The recent decision by the Federal Open Market Committee (FOMC) to leave interest rates unchanged flummoxed many analysts and investors alike. Even more puzzling was the decision to change the expectation from four rate hikes to only two for the balance of 2016. Core inflation is the Fed’s driver for continuing its gradual glide path for normalizing rates, and it has stated that it wants to see inflation at the 2% range before raising rates again. It is. Core Inflation in February rose to 2.3% on an annual basis. As one writer punned in MarketWatch, core inflation causes many of us angst, since it strips out the costs of food and energy. But most readers will attest that food has soared, and although energy is well below the highs of recent years, oil prices have risen more than 38% off their February 11 low, and drivers are paying higher prices at the pump.
Even without food and energy in the equation, most people agree that prices are rising—and doing so much more rapidly than a Core Inflation year-over-year rate of 2.3% suggests. My own anecdotal evidence: medical premiums rose 18%, dry cleaning climbed 12%, my cell phone bill spiked 16%, and professional dues went up 10% in the last 6 months alone. To be fair, dues at my private club were raised a mere 3%, but it was still more than the core inflation rate.
The Fed’s theory is that declining unemployment will eventually cause wages to rise and propel consumers to spend. That’s what’s supposed to happen in a robust economy. But, it hasn’t played out that way—at least not yet. First, much ink has been expended on the real unemployment picture. The labor participation rate has hovered around 63% since 2012 (it was over 66% in 2006, prior to the Great Recession). Another piece of anecdotal evidence: a colleague who has been consulting in financial services marketing for five years (while looking for a full-time gig) was just told that the position he applied for, and for which his stellar credentials qualify him, isn’t going to him: The company wants to hire someone who is already employed. That is why my colleague, and countless others who’d like to be working, can’t find a job. Will further declines in unemployment change that picture?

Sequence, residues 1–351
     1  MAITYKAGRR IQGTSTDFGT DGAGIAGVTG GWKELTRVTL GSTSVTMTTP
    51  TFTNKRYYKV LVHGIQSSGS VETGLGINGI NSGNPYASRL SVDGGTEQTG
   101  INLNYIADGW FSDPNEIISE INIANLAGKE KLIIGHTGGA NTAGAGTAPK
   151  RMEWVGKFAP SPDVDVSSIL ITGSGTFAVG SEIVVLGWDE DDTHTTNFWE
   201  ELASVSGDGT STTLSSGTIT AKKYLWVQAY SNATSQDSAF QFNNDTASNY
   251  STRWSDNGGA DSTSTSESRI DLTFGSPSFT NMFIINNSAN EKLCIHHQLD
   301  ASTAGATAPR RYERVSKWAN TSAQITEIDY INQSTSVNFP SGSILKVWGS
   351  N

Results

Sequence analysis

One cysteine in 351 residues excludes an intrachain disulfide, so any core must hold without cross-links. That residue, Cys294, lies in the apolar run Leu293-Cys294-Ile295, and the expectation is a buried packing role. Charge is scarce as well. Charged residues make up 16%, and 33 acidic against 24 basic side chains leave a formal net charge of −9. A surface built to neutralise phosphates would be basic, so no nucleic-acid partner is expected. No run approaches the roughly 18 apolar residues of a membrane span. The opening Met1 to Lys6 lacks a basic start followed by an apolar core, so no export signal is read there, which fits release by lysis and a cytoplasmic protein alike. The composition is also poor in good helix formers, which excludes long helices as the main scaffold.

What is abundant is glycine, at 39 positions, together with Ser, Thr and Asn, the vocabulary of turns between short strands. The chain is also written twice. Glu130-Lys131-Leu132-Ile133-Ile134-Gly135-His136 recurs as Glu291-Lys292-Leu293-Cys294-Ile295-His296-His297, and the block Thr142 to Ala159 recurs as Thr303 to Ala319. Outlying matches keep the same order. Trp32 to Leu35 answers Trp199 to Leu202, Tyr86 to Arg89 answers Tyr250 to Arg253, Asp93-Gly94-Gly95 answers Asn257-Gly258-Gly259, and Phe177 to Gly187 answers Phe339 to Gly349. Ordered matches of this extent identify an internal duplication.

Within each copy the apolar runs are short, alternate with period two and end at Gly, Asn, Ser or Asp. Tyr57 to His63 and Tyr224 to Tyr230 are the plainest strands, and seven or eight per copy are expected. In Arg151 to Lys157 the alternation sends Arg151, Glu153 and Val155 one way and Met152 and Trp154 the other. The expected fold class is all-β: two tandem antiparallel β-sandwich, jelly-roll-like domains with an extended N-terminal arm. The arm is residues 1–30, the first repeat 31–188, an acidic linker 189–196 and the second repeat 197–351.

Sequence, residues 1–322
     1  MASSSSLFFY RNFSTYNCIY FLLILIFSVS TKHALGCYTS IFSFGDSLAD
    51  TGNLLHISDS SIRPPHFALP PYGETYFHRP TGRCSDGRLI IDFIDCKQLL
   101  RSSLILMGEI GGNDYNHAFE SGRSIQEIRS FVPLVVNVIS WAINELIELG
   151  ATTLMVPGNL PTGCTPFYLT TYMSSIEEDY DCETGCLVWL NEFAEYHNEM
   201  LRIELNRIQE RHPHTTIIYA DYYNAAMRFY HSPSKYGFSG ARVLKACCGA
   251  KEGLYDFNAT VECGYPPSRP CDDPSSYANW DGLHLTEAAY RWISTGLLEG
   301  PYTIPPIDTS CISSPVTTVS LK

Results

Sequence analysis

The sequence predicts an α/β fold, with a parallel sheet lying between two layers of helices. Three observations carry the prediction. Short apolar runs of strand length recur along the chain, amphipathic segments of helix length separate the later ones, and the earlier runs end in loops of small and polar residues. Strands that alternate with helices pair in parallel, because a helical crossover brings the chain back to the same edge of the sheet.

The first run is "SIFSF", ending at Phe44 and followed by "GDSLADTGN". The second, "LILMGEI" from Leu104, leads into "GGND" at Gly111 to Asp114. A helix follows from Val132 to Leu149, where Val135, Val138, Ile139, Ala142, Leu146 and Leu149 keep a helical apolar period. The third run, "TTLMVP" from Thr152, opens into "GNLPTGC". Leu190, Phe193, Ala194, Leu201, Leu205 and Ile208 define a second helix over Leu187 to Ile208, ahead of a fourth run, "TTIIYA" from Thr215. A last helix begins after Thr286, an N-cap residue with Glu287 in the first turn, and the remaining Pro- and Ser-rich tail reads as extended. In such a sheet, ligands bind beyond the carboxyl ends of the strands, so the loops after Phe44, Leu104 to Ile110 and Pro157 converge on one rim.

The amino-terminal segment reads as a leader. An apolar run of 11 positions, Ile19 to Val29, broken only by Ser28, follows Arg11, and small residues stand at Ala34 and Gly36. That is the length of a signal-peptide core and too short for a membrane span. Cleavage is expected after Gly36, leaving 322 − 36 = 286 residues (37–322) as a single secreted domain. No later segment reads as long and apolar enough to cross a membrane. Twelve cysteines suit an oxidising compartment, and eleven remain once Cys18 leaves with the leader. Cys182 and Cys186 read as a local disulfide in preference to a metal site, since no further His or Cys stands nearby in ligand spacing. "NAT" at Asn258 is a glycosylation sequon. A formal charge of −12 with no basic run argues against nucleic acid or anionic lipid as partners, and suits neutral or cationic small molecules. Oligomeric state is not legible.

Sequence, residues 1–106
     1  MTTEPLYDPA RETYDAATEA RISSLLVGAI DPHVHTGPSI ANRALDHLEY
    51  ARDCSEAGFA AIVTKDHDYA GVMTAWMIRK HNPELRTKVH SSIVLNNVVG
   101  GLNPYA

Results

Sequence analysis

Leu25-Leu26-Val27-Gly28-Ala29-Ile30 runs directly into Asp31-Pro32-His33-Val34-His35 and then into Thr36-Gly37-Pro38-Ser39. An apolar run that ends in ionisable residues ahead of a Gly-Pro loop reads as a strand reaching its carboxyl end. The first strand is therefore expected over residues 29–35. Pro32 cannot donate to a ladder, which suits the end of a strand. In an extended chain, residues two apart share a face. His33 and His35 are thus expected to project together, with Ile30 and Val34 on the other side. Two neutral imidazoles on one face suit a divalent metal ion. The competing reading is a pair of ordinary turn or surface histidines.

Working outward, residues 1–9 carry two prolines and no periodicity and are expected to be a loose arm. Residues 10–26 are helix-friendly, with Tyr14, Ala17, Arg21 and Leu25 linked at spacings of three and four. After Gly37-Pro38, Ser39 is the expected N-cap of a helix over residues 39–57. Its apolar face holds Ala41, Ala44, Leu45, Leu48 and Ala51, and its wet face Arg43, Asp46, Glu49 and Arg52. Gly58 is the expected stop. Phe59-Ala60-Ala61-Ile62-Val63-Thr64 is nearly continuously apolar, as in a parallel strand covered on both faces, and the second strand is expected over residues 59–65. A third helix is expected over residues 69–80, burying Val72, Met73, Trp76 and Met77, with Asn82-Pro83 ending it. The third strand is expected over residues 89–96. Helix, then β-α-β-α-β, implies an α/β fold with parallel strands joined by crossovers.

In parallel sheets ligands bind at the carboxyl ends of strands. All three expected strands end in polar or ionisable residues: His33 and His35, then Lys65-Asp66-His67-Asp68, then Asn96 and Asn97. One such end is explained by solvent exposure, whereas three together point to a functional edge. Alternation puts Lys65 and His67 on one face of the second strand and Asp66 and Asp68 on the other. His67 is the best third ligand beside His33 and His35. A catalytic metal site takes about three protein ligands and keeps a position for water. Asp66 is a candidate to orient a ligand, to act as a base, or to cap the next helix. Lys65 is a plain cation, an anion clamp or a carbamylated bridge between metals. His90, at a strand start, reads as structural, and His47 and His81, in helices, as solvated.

So, if the Fed’s decision hinges on inflation (which already is above 2%), then there must be another reason for holding off on normalizing interest rates. Could it be that the economy is still sputtering? The devil is in the details—and the data. Retail sales were off by -.1%, on the back of a -4% drop in January, which was revised downward from a positive .2%.
The Fed had plenty of data to act. They should have. One economist friend, responding to the question of whether the Fed would make a move, quipped, “The idiots should, but they won’t.”